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by on May 31, 2011
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Most people will hate this film, but I found it to be completely charming even during its insane final moments.

Smith (Thomas Dekker) is a college freshman with a comfortable living arrangement. He hangs out with Stella (Haley Bennett), his lesbian best friend, all the time. He lusts over his idiotic straight roommate, Thor (Chris Zylka). The only problem in his life is his difficult relationship with his mother and the creepy visions of people with animal masks and a woman who haunts his dreams.

The casual nature of the bizarre is what helps create such a likable tone. The film is funny almost because it has to be. The actual plot of the film concerns messiah cults, prophecies, twins and other insanity. Yet the focus of the film is more about Smith’s sex life. Smith says he’s gay, but he really doesn’t believe in labeling or identification. He meets London (Juno Temple) at a party and they occasionally have sex when she is feeling stressed about a test.

Stella has her own problems with her nymphomaniac girlfriend who dabbles too often in witchcraft in order to improve their sex life. All of these characters are so much fun to hang out with that this feels more like a pilot than a standalone movie. The TV show comparison is apt because the entire mystical plot is too dense to fit into a 90-minute film.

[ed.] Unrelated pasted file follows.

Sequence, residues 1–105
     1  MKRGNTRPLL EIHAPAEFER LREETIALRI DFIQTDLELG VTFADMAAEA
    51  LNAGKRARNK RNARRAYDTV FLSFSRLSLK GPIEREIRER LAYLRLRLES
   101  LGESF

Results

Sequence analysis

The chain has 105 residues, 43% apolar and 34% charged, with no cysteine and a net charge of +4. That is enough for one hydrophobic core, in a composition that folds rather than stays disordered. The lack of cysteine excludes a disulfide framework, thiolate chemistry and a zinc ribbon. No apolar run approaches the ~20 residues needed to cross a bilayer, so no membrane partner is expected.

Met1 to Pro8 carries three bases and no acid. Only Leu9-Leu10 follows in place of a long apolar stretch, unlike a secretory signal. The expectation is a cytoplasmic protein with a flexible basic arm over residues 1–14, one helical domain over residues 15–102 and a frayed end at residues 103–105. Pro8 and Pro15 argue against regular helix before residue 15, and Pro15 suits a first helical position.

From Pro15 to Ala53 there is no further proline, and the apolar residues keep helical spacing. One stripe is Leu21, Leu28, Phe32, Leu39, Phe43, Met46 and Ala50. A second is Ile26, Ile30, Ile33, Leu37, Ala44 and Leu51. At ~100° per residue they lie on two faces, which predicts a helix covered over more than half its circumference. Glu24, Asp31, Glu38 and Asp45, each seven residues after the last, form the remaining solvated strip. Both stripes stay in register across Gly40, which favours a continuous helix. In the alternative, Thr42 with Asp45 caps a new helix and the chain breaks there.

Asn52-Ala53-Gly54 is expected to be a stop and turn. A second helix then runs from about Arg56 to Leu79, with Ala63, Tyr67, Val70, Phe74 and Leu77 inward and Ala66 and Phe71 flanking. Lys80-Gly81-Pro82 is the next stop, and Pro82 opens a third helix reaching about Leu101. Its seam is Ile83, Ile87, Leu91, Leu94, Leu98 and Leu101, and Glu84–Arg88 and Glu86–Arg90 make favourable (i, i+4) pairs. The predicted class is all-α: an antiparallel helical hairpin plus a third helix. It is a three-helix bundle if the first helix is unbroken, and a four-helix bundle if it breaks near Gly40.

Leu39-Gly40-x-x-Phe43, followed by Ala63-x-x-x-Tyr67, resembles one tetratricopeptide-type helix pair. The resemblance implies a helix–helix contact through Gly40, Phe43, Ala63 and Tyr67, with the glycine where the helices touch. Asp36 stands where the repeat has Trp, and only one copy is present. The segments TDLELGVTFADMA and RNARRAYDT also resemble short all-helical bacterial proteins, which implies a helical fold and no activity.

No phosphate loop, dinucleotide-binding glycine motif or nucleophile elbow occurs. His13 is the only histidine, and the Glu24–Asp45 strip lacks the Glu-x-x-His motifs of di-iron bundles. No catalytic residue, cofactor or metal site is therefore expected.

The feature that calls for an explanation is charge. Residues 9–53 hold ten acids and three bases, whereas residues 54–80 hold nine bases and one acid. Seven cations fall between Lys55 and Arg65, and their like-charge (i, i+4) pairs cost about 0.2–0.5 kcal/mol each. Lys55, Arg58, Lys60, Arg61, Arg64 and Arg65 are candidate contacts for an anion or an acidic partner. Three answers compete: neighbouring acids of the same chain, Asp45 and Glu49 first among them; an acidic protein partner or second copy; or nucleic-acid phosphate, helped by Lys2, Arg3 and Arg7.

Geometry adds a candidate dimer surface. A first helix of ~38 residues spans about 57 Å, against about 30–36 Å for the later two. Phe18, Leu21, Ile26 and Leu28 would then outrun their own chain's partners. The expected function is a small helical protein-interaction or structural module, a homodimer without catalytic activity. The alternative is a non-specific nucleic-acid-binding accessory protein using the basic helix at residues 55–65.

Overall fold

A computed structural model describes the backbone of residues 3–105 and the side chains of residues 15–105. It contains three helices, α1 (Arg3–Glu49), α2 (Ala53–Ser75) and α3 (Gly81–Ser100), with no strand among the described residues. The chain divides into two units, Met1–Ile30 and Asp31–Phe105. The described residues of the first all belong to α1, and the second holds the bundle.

Perhaps that’s part of the dark humor. Since the last 10 minutes is just heavy exposition with a brilliant last-second resolution, this could have all just been a joke. It’s an odd contradiction to not care about the “actual plot” and still really enjoy this movie. The humor works, all of the characters are very engaging and it is very sexy. This film is like the antithesis of “Donnie Darko.” That film is remembered and adored because people liked the result of the mythology, but they don’t talk about wanting to hang out in that high school. “Kaboom” wants you to enjoy the characters and is anarchic about the mythology.

Writer/director Gregg Araki has made a bunch of features, but I have only seen his most recent two. This one combined the characterization of “Mysterious Skin” with the silliness of “Smiley Face.”

The DVD contains bloopers, which is something you don’t always see with a sex comedy. Unfortunately it was the annoying kind of bloopers, with the cast just laughing and forgetting lines. There is also a commentary track with Araki and deleted scenes.


Film: 4 Yaps
Extras: 3 Yaps